In my opinion actually get more enjoyment because its not all overrun by the engines, you can hear everything else as well. And yes, you can hear the announcers, obviously not when cars are right at your point on the track, but unlike previous years.

Also, I prefer the engine note this year as it sounds more like a proper engine, you can hear the revs change as they are accelerating and braking. Last year it was just an increase in the pitch of the scream.
@Jarred-Walmsley

The only thing I really missed was the sound at the start. I was seated at turn one and in past years you’ve been able to hear the cars coming, building up the atmosphere to when they all appear in a flurry of noise, colour and possibly crashes. This year though there was no real sound to get the hair on the back on your neck to stand up as they approached.

Beyond that, I really like the sound. No massive noise means you hear so many other noises from the car. I love the mechanical sound of the turbo you hear, and it’s the first time since the late nineties that I’ve actually heard a lock-up! I could tell the engines apart better and it was better for the family sitting next to me, as their kid wasn’t screaming from the noise.

I like them, beyond the noise, the cars move around a whole lot more, which makes them a whole lot more enjoyable to watch.
@Scottie

The first thing you noticed was they were a lot quieter, however the next thing you noticed was you could hear the sound of the crowd, the tyres and the sound of the braking.

My first impression of the sound is it sounded less like the V8s and more like a very sporty road car. I did notice all hell was breaking loose over the sound on social media back home.

Having watched the TV feed back, I thought they didn’t do the new sound justice at all, I still think the TV companies have yet to find the right sound levels for the TV Feed.

I really don’t mind the sound of the new engines trackside at all. Different yes. But that’s progress.

Its made no difference to me booking to go to races this year at all.
Andy Donnelly (@Dinalli)

Malaysian Grand Prix

Nico Rosberg, Mercedes, Sepang International Circuit, 2014

I feel that a certain part of the spectacle has been lost with the V8s. They were massively impressive, especially at the end of long straights going from high pitched full revs to deep growling on the overrun and down the gearbox. However I think the fact that we can now hear the track commentary as well as lock ups etc… and have a conversation with the person next to you during the race is excellent. So we’ve lost in one way but gained in another.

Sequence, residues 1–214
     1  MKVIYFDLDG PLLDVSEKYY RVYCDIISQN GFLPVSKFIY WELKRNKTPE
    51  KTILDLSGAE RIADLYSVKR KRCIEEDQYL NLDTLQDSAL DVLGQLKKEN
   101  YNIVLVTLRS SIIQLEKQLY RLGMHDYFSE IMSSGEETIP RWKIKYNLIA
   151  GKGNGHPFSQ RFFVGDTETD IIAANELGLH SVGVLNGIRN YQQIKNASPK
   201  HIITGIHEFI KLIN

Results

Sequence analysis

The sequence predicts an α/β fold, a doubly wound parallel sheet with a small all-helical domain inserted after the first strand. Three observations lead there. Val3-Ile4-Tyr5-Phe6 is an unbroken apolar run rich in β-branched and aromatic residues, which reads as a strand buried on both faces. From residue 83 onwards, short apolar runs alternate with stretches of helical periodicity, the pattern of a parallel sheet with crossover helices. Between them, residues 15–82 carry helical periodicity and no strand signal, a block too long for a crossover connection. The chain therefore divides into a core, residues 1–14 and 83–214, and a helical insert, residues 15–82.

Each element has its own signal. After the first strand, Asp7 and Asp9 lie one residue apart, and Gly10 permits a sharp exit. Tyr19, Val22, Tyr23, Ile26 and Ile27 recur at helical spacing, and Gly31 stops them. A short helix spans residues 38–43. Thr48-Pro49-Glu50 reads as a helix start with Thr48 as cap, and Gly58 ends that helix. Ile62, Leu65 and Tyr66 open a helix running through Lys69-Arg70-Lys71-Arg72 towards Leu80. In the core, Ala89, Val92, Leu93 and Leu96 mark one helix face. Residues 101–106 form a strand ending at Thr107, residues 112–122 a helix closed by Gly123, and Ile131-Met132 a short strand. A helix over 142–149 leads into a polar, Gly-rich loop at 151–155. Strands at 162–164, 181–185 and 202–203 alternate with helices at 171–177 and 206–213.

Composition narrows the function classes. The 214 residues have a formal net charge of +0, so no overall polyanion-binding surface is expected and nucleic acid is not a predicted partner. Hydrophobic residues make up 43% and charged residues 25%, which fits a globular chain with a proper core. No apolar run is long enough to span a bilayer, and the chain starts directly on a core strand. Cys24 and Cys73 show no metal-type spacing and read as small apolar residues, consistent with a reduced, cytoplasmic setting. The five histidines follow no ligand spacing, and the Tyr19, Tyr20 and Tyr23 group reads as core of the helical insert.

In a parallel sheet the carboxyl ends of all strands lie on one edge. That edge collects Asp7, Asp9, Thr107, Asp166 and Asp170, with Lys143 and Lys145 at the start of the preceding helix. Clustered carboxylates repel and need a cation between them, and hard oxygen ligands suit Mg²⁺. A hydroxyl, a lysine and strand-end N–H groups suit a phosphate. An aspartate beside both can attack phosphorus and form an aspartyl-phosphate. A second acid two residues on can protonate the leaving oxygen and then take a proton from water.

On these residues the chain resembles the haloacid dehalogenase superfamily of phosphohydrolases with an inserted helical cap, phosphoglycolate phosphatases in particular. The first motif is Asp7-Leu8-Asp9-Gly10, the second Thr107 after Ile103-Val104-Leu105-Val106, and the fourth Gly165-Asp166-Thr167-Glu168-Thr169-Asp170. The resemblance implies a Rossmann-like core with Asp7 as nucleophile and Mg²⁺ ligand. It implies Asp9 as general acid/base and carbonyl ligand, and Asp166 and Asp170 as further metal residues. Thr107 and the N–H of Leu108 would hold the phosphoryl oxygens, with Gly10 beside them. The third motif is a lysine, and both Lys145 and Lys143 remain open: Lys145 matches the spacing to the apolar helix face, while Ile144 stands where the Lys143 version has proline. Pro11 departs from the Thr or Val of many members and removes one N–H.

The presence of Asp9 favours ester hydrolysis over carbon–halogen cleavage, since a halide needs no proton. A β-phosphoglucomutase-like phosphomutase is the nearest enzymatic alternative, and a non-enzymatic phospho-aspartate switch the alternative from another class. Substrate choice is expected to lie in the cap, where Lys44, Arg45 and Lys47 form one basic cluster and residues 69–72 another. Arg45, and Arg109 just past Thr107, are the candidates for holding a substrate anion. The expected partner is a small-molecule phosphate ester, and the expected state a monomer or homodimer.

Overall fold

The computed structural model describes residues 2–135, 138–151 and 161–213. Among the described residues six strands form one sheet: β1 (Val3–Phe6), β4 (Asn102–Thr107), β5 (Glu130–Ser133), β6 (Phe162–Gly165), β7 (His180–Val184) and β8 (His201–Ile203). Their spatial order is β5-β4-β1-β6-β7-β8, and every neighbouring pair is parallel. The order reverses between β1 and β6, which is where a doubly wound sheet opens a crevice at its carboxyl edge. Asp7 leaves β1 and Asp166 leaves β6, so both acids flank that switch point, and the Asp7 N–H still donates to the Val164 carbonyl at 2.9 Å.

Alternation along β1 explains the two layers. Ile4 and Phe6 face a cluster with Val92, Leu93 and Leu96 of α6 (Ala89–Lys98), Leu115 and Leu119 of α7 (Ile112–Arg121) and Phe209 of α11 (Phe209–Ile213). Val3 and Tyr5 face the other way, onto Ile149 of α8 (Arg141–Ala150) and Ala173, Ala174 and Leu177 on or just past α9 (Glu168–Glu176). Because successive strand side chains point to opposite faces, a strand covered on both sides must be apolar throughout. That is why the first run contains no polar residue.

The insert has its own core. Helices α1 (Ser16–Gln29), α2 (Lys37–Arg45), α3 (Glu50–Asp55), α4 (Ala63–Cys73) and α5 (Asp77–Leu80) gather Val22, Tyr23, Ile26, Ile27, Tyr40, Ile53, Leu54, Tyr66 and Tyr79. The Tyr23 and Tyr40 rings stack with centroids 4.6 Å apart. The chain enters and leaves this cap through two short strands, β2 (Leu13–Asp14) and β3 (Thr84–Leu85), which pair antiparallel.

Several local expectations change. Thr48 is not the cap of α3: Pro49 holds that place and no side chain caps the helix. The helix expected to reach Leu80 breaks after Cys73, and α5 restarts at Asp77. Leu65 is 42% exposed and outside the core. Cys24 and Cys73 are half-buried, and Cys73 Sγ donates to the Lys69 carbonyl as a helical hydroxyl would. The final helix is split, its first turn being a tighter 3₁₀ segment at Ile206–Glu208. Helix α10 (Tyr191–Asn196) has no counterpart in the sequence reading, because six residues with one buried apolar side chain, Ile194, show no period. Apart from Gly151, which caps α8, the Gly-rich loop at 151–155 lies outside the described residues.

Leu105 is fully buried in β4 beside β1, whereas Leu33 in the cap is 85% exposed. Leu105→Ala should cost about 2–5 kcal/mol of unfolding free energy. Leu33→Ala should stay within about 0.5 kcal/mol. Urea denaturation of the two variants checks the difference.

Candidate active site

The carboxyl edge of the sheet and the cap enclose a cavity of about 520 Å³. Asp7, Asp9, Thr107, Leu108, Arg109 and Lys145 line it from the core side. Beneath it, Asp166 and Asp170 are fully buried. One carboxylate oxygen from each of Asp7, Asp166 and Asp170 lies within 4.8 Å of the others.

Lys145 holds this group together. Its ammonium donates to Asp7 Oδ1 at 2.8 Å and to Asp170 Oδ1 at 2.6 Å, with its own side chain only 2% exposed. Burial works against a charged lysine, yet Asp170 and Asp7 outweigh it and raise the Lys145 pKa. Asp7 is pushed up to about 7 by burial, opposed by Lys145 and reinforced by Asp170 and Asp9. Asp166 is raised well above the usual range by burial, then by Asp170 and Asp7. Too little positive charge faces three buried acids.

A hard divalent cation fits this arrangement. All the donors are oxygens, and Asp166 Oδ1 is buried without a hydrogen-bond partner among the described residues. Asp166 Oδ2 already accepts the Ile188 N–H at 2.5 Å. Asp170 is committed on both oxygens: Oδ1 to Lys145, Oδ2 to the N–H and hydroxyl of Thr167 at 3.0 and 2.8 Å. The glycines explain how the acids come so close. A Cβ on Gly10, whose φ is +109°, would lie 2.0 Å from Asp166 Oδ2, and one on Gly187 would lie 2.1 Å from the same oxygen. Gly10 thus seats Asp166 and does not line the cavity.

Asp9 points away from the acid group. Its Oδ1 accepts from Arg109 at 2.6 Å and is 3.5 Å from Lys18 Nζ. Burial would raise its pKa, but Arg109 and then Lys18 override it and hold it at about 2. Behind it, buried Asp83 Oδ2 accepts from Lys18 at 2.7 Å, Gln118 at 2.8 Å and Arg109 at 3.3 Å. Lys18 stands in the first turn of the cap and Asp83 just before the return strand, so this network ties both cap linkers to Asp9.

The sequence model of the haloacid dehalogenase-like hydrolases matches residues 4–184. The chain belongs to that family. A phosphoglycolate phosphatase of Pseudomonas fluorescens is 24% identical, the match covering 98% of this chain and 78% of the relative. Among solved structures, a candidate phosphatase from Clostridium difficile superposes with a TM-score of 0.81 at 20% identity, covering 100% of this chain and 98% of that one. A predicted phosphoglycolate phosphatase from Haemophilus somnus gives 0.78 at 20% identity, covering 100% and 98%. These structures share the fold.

I disagree with the claim that they are too quiet. I was surprised by how loud they were when I heard them in Malaysia this year, given all the complaints about it. You can have a conversation with the person next to you, but you still have to shout to be heard! Plus the sound now is also more intriguing to listen too with the whistling of the turbo and the squeal of energy recovery under braking. It sounds a bit monotonous from onboard cameras on TV but at the track it’s fascinating. It also means the most impressive place to listens to cars is now through corners, as that’s when all the power unit components are in action, rather than on straights at full revs.

It hasn’t negatively affected my love of Formula 1 at all. The racing this year has been great and I can’t wait to go to another race.
@DanielPatchett

I very much prefer the new sound which as many others have mentioned, is more ‘wholesome’ sounding like that of sports cars and I really like hearing the hissing sound from the power units which was very distinct at least in Sepang.

My only greatest regret is also the decrease in volume as the V8 F1 engines made a huge impression and gave me a distinct ‘F1 feeling’ every time I stood trackside. The way the exhaust notes reverberated of my rib cage was a surreal experience but it is a bit of a let down to not be able to hear it now as it was exactly that which set F1 apart from all other forms of motorsport for me.
Joachim Ong (@Gactac)

The noise was pretty disappointing. In 2013 you could hear one car from the other side of the track. This year you needed to be on the same stretch of road as the car to be able to hear it.